• Require the buyer to accrue for the potential loss on its balance sheet. If the buyer truly has a reasonable anticipation of a measurable loss, it typically should be accruing for that loss on its balance sheet. Sellers may argue that if the buyer does not think that there is a reasonable anticipation of a concrete loss under GAAP, then arguably there should not be a reasonable anticipation for indemnification purposes either. Buyers may respond that potential claims do not meet the accounting standard for accrual but still are real threats for which indemnity is required.
  • Allow the shareholder representative to assume the defense of third-party claims. If the representative thinks a third-party claim is frivolous, let the representative try to settle it quickly. The shareholders will sometimes prefer to pay out a little to settle even a frivolous claim rather than have the escrow funds tied up indefinitely.
  • Include a time period during which the buyer must have heard from the third party before the claim is deemed dormant. If the third party grumbled about something a long time ago but has said nothing since, it may be time to conclude that the risk of the issue becoming a claim is small enough that the parties should consider the issue dead. This approach is tricky and it may be difficult to agree on a reasonable time period to establish repose, but it is a question of where to draw the line with risk allocation. At some point, it does not make sense to continue to tie up funds to protect against issues that have become remote risks with the passage of time.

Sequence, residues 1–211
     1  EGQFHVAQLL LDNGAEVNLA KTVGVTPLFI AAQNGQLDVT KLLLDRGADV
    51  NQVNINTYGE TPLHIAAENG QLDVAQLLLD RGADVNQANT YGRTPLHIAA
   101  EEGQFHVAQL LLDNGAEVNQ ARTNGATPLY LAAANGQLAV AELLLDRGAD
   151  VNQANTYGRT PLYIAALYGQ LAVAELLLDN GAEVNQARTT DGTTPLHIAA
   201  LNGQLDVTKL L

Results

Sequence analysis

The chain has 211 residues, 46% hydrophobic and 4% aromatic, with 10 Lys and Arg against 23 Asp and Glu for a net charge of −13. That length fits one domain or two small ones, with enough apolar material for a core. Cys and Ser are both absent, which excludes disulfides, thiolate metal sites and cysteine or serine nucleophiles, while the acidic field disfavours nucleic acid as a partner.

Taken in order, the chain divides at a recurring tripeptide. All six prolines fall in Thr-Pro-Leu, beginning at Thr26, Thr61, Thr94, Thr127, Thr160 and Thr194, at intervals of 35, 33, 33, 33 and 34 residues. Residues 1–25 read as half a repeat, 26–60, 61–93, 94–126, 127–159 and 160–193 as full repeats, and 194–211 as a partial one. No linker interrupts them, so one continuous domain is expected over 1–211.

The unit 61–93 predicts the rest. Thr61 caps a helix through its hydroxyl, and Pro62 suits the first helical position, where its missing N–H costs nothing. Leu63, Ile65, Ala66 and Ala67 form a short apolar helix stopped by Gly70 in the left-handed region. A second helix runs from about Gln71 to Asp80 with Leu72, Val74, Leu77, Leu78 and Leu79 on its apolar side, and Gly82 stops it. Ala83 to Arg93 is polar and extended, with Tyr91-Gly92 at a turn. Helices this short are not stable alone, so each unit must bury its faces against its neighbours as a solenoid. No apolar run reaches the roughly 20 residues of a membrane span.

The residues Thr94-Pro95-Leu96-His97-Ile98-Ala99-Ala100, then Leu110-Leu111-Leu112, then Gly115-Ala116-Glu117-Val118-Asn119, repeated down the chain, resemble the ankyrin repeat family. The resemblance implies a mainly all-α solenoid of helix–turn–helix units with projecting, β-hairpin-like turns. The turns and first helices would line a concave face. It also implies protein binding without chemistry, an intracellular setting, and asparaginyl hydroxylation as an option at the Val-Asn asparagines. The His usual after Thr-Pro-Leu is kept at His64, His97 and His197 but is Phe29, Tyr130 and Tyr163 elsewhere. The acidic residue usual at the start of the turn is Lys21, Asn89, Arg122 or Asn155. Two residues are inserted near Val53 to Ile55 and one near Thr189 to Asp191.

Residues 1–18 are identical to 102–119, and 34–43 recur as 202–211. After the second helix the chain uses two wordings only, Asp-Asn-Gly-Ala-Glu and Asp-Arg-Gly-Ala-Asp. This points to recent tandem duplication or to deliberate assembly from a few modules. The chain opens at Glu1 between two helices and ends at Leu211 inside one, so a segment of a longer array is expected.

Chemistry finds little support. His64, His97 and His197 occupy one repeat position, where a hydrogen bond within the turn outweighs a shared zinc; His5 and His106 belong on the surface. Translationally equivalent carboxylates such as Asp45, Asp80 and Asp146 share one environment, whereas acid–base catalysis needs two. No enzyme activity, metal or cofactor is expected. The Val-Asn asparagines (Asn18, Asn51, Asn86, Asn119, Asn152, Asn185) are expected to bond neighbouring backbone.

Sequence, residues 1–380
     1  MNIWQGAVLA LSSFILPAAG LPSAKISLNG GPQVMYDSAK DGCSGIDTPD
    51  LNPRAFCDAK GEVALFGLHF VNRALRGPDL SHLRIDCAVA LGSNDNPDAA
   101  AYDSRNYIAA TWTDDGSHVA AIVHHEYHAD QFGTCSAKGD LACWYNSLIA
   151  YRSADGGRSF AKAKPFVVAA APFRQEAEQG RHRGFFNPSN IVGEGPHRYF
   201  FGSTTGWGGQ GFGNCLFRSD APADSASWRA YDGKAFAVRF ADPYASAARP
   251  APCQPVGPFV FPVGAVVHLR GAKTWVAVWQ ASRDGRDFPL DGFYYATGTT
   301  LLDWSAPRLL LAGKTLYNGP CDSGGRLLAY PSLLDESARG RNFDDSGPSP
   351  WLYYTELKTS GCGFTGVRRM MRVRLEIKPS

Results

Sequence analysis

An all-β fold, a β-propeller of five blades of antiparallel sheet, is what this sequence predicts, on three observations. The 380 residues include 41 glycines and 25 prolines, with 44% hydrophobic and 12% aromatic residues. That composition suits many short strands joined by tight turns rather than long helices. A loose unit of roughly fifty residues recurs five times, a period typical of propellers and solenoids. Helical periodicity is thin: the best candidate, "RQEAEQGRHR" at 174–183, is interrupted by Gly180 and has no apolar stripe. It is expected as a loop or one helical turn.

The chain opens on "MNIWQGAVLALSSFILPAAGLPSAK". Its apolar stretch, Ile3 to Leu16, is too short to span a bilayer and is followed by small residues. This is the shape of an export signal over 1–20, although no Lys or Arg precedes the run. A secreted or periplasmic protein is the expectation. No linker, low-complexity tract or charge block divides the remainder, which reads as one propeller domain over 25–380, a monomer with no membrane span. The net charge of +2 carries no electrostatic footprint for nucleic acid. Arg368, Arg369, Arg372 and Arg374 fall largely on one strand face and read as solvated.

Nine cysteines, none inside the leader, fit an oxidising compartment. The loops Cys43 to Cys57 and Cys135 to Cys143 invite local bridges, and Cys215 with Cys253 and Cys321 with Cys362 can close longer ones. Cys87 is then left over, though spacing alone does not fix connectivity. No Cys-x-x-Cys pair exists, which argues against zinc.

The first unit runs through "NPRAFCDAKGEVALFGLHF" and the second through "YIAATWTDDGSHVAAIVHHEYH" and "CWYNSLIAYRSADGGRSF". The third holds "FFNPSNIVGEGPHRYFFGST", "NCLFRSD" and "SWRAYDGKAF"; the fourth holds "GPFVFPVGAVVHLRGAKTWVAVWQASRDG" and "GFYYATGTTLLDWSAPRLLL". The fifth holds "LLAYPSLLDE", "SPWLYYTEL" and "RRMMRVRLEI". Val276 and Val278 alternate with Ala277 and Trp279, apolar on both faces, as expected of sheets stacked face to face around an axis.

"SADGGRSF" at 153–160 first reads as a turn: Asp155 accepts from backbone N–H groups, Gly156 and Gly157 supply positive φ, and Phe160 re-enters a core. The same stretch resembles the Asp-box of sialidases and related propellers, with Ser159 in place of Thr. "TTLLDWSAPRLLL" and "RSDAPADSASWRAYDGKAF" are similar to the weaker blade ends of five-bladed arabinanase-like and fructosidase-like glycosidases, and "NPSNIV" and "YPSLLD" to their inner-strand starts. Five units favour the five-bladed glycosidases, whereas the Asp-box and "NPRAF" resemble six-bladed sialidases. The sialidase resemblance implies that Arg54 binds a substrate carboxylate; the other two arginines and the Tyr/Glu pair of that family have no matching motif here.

• Provide for arbitration or mediation with the loser paying the winner’s fees. To address the circumstance where the former shareholders feel strongly that there is no real claim, allow for a resolution of the question of whether the claim is still an indemnifiable risk by an arbitrator and require the loser to pay the winner’s fees, so that the shareholders do not have to deplete a meaningful chunk of their escrow balance if they are right.
  • Establish an expense escrow. An expense escrow is a separate fund that is created to pay for legal fees or other costs or expenses the former shareholders may incur in defending against claims or otherwise protecting their rights after the merger closes. When such a fund exists, the buyer may be less likely to bring a weak or frivolous claim because it knows the former shareholders have the means to fight it. SRS Acquiom data show that the incidence of separate expense funds accounts has increased from 71% in 2009 to 93% in 2014.
  • Provide for conditional releases. If certain conditions have been met (such as the passage of a specified amount of time), provide that the shareholders can compel that the escrow money related to that claim be released to them, so long as they agree to refund that money to the buyer in the unlikely event that the issue resurfaces and results in losses that would have been indemnifiable.

Buyers may not agree to many of these suggested alternatives, although they generally will not be able to object to the establishment of a separate expense escrow.